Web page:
If you've got the game and would be interested in playing a match or 3 with me, PM me your friends code. Mine is: 1632-9673-1005
Hope to hear from YOU soon!
Yup, it arrived with my mail yesterday, and here are my thoughts after my first day with the game:
Okay, now I'm getting the hang of it. I'm becoming a bit more accustomed to the controls, which are really wonderfully thought out. I was able to evolve several characters and make several decks. A couple of characters I evolved, however, I am not yet able to use -- not sure why. But I really like Nami, she's pretty cool. I evolved her 5 & 6 komas, and think she's going to be one of my regular battle characters.
I'll tell you what, though I cannot read most of what's there (or any of the Japanese whatsoever), this game's presentation is huge and like no other DS game I've played. In this one respect, every single other DS game released in America pales. The amazing amount of customization and the way it's all incredibly user friendly (for the Japanese-speaking audience) just put this game in a class way above anything else I know of. Now, we have some great games, don't get me wrong. But if JUMP Ultimate Stars was a game that came out in the U.S. this year -- it's likely that Elite Beat Agent, NSMB or any other game would have no chance of being Game of the Year.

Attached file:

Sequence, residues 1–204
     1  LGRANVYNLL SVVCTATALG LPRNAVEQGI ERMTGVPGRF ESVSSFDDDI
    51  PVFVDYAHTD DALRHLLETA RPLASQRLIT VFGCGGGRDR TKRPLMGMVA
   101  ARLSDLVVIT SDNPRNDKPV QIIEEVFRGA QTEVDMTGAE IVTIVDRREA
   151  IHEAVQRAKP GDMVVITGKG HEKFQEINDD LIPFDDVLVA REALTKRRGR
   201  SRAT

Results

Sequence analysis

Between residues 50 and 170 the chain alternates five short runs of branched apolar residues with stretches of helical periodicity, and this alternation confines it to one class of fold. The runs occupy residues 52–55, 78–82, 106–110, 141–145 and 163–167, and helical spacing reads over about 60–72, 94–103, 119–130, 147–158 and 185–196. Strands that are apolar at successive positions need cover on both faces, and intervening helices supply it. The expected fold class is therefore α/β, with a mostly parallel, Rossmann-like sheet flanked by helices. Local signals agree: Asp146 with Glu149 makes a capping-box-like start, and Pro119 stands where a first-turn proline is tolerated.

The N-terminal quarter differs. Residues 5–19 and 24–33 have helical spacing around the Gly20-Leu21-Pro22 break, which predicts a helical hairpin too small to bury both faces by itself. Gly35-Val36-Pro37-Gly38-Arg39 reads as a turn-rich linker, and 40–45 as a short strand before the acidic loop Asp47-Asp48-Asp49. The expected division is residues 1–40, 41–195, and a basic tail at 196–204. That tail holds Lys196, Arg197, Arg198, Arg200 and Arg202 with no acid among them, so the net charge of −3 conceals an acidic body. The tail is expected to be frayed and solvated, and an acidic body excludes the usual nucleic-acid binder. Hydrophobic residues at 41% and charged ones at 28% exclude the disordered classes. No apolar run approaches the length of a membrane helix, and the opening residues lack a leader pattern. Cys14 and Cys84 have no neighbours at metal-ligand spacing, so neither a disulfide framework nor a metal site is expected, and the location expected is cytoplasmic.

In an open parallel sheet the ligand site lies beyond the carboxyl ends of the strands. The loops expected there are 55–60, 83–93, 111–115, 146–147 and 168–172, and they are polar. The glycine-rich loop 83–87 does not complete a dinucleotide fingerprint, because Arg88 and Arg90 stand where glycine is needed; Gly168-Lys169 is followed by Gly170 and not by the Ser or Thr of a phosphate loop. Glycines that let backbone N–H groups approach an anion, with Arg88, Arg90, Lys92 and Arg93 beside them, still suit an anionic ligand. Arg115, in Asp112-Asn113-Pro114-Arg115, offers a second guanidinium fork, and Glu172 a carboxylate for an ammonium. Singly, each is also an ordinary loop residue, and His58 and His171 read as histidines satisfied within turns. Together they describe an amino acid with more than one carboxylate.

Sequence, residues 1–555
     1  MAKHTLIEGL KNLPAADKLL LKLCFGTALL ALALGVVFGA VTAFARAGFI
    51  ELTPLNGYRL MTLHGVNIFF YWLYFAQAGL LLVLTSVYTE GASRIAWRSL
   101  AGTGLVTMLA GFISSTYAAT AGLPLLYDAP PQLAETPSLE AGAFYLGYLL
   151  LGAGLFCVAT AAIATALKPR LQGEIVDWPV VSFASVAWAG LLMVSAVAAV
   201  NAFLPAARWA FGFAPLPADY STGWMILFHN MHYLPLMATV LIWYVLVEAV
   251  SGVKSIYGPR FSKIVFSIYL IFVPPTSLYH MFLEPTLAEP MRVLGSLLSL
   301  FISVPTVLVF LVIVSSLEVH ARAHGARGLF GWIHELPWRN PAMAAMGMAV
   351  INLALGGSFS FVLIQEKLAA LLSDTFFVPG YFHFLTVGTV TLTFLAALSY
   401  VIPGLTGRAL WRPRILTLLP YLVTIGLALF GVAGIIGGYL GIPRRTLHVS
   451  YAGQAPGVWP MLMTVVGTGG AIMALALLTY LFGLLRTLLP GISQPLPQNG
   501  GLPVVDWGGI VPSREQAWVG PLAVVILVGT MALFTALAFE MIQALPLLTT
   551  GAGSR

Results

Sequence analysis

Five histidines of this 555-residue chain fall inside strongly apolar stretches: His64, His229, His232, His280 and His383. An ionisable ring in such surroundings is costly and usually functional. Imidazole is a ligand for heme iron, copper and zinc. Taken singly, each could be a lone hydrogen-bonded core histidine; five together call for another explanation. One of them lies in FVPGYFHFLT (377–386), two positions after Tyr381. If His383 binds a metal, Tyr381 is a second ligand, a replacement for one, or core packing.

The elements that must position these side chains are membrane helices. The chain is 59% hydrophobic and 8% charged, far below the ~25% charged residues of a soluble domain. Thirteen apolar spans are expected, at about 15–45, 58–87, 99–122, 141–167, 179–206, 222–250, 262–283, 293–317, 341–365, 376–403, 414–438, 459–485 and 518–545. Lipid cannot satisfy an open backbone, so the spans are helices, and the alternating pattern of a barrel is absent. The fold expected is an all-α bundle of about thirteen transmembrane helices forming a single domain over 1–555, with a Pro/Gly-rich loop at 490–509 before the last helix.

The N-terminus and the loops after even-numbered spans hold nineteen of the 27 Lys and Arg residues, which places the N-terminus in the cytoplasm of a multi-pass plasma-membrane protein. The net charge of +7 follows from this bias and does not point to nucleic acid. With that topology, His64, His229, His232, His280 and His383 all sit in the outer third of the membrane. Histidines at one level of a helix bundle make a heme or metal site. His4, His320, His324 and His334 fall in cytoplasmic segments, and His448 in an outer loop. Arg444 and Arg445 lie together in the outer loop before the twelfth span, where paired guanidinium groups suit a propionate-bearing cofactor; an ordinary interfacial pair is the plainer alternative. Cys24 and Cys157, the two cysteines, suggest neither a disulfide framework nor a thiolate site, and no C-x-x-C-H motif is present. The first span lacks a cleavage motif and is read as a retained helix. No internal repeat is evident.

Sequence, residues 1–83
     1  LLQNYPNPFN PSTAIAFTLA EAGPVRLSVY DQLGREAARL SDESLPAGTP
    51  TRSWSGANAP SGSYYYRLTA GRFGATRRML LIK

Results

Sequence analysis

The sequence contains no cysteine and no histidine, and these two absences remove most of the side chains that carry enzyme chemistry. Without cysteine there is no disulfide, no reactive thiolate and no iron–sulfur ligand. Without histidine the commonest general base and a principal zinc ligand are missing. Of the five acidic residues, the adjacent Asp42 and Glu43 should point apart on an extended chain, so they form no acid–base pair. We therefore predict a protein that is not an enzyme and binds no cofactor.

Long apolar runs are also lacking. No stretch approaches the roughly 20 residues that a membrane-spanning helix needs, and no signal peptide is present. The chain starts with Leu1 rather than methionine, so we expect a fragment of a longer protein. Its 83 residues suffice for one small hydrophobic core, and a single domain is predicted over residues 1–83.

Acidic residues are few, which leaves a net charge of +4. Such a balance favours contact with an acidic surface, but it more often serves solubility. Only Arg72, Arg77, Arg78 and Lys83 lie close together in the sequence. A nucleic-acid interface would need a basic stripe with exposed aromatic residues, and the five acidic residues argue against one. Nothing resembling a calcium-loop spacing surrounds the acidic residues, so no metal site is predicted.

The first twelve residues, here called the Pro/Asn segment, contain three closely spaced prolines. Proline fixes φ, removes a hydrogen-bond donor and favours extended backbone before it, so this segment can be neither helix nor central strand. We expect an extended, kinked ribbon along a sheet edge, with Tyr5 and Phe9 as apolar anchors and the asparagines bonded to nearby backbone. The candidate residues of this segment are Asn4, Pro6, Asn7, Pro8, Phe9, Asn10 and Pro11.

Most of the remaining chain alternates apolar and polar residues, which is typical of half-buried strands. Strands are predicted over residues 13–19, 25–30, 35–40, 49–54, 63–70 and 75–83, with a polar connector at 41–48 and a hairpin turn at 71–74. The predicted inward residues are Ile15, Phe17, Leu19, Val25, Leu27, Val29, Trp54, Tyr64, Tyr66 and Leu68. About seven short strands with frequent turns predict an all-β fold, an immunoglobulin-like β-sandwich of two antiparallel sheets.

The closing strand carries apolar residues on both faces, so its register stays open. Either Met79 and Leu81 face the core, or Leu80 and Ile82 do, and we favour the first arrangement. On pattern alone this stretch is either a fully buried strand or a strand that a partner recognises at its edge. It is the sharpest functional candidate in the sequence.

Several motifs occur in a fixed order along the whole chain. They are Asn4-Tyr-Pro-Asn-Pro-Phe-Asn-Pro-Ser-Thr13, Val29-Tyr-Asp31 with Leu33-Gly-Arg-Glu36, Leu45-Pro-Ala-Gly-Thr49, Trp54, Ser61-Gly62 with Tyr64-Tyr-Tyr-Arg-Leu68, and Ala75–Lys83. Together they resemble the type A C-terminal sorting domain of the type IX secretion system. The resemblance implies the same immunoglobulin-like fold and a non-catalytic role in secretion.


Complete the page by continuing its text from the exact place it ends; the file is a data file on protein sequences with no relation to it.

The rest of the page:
The sprites look & animate a good step above those in Dawn of Sorrow, and though I'm usually one to prefer polygons, sprites really are perfectly suited for this game.
The gameplay is tremedously fun. The constant comparisons with Super Smash Bros. Melee are definitely not unfounded. It's just that -- like having SSBM on the DS.